Over the Christmas and New Year’s period many of us have a tendency to over-indulge as it can be hard to resist the delectable roast meats or seafood and enjoying a drink or two with family and friends. The combination of consuming a little more and the lazy summer days by the pool can inevitably lead to a little more ‘Christmas pudding’.
When the holidays are over and the fireworks are done and dusted, most people will want to get back into the swing of exercise. Unfortunately, what we often see with this spike in physical activity, is a spike in soft tissue and overuse injuries as a result of individuals going too hard too fast.
Outlined below are a few tips for getting back in shape safely after the ‘silly season’.
- Make sure you take 5-10 minutes to warm-up and cool down properly. A short warm-up can be one way to reduce your chance of a muscle strain/tear.
- Start off slowly and gradually increase your activity level unless you have previously been exercising frequently and vigorously. Generally a 10% increase in activity per week is safe.
- Be aware that training too hard or too often causes overuse injuries like stress fractures, stiff or sore joints and muscles, and inflamed tendons and ligaments. Sports prompting repetitive wear and tear on certain parts of your body — such as swimming , jogging, tennis, can be detrimental if overdone. A variety of exercise types is ideal.
- Listen to your body. Hold off on exercise when you're sick or feeling very fatigued. Cut back if you cannot finish an exercise session, feel faint after exercise or fatigued during the day, or suffer persistent aches and pains in joints after exercising.
- If you have a break from exercise for a week or so, drop back to a lower level of exercise than your previous session. If you're doing strength training drop the weights back a little or do fewer reps or sets.
- Drinking plenty of water is essential during these hot summer days. This will ensure you maintain an adequate blood volume and in doing so place less undue stress on your cardiovascular system. If you're working out especially hard, choose drinks that replace fluids plus essential electrolytes.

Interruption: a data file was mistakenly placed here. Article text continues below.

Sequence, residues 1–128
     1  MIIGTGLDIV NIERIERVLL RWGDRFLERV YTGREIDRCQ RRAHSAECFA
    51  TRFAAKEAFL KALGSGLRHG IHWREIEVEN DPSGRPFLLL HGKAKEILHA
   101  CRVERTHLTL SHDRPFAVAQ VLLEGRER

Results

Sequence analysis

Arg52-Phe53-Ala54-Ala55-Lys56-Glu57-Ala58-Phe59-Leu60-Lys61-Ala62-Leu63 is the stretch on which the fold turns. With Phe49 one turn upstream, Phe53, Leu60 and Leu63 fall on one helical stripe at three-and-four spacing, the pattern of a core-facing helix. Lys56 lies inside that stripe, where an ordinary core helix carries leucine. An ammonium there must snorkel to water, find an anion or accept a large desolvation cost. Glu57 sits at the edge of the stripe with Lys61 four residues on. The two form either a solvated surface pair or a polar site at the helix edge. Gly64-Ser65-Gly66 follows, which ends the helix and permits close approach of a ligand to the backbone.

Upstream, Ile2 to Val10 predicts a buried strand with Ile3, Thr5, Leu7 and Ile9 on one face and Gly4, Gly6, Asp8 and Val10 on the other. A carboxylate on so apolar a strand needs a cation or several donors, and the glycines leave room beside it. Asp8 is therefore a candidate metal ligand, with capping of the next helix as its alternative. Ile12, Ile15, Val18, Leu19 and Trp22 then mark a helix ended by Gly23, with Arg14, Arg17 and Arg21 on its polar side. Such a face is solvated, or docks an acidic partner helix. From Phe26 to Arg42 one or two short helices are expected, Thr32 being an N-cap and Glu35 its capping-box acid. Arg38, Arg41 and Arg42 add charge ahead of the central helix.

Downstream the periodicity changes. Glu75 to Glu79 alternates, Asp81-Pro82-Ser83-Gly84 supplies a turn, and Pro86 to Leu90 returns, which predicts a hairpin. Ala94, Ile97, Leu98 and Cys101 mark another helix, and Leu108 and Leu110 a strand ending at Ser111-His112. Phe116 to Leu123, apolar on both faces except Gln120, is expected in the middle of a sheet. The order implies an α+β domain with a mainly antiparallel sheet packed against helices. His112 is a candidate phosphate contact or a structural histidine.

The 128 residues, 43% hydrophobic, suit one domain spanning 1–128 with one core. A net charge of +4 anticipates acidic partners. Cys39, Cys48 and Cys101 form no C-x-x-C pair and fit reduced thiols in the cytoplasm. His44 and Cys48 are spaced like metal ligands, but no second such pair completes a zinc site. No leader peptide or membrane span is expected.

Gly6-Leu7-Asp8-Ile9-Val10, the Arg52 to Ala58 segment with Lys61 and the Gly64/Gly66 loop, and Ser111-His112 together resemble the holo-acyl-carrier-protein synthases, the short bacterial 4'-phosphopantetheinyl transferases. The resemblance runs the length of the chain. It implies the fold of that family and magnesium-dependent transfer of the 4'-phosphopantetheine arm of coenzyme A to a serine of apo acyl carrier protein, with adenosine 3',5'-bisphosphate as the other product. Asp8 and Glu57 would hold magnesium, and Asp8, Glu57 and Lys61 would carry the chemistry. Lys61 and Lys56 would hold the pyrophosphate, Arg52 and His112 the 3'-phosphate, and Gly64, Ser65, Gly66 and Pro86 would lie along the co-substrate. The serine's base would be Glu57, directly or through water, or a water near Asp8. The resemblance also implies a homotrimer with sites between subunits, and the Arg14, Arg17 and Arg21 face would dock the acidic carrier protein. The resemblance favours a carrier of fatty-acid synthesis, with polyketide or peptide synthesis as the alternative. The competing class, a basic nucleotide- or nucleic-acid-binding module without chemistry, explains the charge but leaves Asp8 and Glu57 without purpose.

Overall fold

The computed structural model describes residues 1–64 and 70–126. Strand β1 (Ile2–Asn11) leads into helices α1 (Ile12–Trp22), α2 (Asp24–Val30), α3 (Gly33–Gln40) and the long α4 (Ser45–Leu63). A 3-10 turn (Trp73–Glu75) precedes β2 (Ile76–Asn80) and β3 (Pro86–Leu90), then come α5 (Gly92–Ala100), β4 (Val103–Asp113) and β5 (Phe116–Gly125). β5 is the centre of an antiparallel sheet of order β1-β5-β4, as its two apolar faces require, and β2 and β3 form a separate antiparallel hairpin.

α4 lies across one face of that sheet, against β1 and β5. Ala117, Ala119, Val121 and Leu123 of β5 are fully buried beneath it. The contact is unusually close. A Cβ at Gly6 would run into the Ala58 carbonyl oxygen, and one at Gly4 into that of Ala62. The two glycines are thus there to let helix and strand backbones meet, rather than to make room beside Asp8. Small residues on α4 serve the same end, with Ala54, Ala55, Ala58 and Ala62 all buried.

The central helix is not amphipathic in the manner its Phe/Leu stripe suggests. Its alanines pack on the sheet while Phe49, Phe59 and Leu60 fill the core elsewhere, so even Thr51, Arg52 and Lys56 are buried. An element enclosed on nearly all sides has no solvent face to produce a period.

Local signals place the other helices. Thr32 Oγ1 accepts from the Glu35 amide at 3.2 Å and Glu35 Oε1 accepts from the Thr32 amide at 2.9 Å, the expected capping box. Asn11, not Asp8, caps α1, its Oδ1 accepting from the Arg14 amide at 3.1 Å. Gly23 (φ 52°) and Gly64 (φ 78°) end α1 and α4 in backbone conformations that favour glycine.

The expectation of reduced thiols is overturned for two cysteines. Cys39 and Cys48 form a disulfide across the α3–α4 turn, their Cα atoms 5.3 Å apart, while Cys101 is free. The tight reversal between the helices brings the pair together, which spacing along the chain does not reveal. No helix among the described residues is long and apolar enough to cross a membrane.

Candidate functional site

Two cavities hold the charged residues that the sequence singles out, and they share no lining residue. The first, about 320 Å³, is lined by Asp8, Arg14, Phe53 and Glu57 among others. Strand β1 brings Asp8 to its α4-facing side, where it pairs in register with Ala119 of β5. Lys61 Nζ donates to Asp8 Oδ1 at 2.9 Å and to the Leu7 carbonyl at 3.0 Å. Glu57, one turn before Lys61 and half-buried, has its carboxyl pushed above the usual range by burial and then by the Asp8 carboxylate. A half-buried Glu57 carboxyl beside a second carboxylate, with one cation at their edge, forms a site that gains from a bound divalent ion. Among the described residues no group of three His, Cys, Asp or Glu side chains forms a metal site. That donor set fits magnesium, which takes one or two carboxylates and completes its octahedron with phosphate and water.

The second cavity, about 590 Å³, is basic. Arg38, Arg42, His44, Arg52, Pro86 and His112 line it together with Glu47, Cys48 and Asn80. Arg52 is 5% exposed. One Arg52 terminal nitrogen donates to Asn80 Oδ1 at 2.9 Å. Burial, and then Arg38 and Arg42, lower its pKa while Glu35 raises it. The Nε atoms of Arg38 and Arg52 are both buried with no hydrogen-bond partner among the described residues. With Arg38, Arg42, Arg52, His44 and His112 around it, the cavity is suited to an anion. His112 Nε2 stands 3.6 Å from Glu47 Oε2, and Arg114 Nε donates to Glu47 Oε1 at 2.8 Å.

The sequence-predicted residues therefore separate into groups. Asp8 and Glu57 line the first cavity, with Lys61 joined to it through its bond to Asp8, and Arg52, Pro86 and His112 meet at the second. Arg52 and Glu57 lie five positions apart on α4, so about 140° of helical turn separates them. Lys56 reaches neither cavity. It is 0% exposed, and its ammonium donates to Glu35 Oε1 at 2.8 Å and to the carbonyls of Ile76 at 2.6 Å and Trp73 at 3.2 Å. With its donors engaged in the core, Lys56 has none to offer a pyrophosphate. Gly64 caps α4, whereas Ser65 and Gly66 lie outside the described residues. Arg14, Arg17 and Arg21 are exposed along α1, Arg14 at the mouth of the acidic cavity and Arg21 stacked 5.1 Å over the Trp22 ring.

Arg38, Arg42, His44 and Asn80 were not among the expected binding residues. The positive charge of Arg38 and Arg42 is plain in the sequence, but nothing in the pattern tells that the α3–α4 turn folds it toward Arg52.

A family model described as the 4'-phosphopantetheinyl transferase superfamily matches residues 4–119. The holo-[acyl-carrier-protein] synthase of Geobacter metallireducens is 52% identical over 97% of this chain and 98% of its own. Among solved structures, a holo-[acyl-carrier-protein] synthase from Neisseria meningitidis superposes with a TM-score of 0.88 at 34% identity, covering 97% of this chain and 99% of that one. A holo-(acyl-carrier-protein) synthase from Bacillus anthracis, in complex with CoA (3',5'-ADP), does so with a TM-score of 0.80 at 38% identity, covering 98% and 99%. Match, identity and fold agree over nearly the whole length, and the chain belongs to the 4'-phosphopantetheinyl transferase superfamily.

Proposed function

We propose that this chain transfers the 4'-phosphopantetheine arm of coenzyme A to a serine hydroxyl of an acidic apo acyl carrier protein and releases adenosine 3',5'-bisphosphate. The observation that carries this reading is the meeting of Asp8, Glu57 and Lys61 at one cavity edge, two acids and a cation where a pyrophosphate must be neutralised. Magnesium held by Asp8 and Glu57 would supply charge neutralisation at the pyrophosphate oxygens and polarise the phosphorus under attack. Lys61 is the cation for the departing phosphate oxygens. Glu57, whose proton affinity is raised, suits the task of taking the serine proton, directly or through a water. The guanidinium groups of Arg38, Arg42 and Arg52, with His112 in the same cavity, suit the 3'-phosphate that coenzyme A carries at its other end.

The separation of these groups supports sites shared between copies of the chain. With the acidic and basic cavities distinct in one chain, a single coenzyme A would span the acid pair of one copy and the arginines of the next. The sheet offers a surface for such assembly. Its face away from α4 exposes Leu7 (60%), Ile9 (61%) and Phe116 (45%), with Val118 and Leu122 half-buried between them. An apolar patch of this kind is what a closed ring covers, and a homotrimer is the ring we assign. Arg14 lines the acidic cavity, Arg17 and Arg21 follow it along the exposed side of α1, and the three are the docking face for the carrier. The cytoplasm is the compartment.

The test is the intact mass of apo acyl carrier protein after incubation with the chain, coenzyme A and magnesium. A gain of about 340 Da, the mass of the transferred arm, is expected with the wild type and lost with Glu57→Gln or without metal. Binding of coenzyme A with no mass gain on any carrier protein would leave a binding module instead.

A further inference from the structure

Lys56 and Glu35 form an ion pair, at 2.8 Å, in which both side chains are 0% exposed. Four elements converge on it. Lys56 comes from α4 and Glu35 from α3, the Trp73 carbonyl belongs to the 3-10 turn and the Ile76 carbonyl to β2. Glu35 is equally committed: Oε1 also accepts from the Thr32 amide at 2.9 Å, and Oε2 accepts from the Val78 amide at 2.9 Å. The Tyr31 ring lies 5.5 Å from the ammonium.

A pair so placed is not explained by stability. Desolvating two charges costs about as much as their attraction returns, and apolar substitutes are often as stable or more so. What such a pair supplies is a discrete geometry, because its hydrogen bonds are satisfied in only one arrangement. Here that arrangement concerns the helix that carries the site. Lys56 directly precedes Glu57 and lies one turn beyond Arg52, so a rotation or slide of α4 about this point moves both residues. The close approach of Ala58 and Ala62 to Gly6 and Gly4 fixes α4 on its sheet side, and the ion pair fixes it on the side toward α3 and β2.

- Choose clothes and shoes designed for your type of exercise. Be sure to replace your shoes every 6-12 months (depending on exercise volume) to prevent injuries related to unsupportive footwear such as plantar fasciitis.
- When strength training, good form is essential. Initially using no weight or light weights is great to reinforce proper movement patterns when learning the exercises. Never sacrifice good form by trying to quickly finish reps or sets, or struggling to lift heavier weights. If you are unsure on whether your form is ‘good’ or not, seek advice from a physiotherapist or exercise physiologist.
- Exercising vigorously in hot, humid conditions can lead to hyperthermia (overheating) and dehydration. Slow your pace on those extremely hot days. Alternatively, try activities that can be performed indoors or even in water. Watch for signs of hyperthermia, such as headache, dizziness, nausea, faintness, cramps, or palpitations.
- Seek advice from an exercise professional such as a physiotherapist or exercise physiologist. Whether it be what to do, exercise form, an exercise program or a full body assessment.
A Physiotherapist or Exercise Physiologist can assist you in getting started in the safest way possible. Book in to see an exercise professional at Back in Motion Aspendale Gardens by calling 9580 1985 or online.